There are seven different learning styles. Children with a verbal learning style tend to use spoken or written words to help them to learn information.

 

How do I know if my child has a verbal learning style?

Verbal Learning Style Reading Children with a verbal learning style are similar to visual learners because they like to have words written down. However, they are also similar to auditory learners because they like to hear words spoken. The key traits of verbal learners are:

  • Enjoy reading
  • Enjoy writing
  • Enjoy drama
  • Think about the meaning of words
  • Express self through words
  • Write in a diary
  • Prefer to work in a quiet environment
  • Prefer words to diagrams
  • Often ask “why”
  • Link word puns, rhymes and tongue twisters

 

What are the strengths of verbal learners?

Children with a verbal learning style enjoy information when it is presented with a lot of words. As they enjoy listening to speech, they may develop good memories and be able to learn foreign languages easily. Children with a verbal learning style may also be very good at explaining information and tend to develop into very fast readers and good writers.

 

How might verbal learners struggle?

Although verbal learners have some similarities to visual learners, a key difference is that verbal learners may have poor spatial-navigation skills. This is because they do not like diagrams and drawings. Moreover, as verbal learners are sensitive to words, they may be easily distracted by music with lots of lyrics or other people talking when they are working.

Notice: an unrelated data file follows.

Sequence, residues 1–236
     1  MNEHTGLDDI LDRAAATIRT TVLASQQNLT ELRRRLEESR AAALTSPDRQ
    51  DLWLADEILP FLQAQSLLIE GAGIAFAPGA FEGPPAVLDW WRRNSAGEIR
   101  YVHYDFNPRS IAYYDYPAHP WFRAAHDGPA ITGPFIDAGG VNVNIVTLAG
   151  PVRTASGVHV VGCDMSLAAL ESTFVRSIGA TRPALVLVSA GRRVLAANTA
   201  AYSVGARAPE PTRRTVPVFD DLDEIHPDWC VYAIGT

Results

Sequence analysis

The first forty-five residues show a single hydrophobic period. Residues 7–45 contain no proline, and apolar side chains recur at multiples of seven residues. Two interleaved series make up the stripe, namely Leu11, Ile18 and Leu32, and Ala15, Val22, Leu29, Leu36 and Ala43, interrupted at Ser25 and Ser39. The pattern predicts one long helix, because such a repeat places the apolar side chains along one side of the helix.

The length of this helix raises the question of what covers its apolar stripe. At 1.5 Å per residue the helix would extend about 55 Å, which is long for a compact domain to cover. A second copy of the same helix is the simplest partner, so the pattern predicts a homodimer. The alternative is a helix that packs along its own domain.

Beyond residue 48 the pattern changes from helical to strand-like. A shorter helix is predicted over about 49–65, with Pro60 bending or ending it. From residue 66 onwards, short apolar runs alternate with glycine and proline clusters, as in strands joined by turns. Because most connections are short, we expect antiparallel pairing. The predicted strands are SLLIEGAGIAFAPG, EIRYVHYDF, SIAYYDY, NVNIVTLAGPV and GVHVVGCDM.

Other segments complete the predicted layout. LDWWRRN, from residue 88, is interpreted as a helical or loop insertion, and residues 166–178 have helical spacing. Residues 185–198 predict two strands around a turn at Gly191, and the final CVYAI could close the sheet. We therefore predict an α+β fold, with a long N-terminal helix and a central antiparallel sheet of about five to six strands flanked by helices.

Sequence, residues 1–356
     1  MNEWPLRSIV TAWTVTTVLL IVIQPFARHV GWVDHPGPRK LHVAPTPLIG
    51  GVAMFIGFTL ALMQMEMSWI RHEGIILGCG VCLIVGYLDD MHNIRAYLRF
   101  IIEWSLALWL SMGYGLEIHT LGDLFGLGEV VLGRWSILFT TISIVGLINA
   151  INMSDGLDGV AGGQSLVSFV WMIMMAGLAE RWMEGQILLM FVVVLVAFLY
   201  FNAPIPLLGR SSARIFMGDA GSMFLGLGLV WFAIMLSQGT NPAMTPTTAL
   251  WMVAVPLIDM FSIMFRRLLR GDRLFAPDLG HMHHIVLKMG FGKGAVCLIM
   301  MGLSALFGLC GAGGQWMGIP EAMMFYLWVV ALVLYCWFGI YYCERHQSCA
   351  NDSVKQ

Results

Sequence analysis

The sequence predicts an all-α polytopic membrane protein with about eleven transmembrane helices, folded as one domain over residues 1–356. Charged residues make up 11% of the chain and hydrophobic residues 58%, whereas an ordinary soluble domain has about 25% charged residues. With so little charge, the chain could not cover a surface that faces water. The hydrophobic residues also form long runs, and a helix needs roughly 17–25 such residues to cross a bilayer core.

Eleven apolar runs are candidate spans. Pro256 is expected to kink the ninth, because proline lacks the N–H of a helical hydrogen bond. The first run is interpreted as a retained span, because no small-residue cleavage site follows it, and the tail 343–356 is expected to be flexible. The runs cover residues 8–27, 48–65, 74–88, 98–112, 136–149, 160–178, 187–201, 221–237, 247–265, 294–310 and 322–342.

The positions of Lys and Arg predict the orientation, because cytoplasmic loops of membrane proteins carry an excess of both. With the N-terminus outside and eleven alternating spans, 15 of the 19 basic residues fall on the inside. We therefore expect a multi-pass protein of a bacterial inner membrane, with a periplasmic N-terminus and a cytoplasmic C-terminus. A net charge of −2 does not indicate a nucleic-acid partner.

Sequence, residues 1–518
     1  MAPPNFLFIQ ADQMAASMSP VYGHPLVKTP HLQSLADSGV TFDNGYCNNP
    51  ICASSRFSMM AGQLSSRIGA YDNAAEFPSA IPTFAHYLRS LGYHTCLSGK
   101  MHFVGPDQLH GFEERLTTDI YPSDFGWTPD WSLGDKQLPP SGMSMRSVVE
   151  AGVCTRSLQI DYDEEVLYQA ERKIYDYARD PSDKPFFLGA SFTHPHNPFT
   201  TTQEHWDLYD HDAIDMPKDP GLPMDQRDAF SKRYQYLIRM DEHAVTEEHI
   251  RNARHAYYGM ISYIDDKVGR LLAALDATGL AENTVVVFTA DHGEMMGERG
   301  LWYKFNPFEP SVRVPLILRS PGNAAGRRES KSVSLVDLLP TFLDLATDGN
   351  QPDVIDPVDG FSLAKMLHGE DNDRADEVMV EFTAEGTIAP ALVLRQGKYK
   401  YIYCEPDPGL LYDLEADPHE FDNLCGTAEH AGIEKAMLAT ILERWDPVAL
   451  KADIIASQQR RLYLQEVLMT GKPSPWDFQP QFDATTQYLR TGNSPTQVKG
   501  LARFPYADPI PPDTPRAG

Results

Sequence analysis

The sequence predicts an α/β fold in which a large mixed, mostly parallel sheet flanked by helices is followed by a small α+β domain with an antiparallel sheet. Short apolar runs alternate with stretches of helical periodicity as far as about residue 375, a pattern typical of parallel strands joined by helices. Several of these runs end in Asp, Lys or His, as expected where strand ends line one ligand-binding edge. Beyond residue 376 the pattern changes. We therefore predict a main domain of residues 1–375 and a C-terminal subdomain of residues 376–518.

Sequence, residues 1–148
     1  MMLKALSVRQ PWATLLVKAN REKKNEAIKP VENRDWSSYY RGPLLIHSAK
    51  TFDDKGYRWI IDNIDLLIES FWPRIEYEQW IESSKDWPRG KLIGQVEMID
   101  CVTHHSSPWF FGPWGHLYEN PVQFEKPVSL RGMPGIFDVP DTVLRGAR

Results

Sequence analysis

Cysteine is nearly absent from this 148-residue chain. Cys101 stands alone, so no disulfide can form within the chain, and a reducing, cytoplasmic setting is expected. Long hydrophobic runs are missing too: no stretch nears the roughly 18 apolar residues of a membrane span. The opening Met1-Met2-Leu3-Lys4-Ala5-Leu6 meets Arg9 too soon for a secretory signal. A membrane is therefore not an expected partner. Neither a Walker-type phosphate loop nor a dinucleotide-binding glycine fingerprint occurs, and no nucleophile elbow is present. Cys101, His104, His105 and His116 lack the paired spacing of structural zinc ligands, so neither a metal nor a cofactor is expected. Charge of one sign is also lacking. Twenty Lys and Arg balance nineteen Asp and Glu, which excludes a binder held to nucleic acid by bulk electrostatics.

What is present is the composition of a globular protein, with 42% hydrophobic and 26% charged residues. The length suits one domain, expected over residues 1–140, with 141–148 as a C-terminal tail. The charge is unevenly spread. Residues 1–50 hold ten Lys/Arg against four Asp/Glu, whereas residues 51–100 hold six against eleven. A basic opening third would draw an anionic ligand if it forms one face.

Verbal learning style study tips

As verbal learners are very good with words, many of the traditional learning methods may suite them well. Those with a verbal learning style may benefit from:

 

  • Writing notes or information in their own words
  • Talking through and explaining ideas with another person
  • Memorising phrases
  • Reading notes aloud in different voices
  • Using acronyms
  • Using flashcards
  • Re-reading notes and books several times
  • Using the dictionary, internet or reference books for research
  • Incorporating facts they need to remember in a made up story

 

As verbal learners like words to be written and spoken to them, they may also benefit from learning strategies used by visual or aural learners. It’s a good idea to try out different methods with your child to figure out what works best for them.

 

What types of career options might my child like?Writing

Towards the end of key stage 3, children will begin to choose their GCSEs. Around this time, schools often give career guidance in order to ensure that your child chooses suitable GCSEs for they type of career that they wish to pursue. As children with a verbal learning style enjoy using words, they may like to become an actor, journalist, public speaker, author, editor, teacher, news correspondent, psychologist, lawyer or they may like to go into advertising.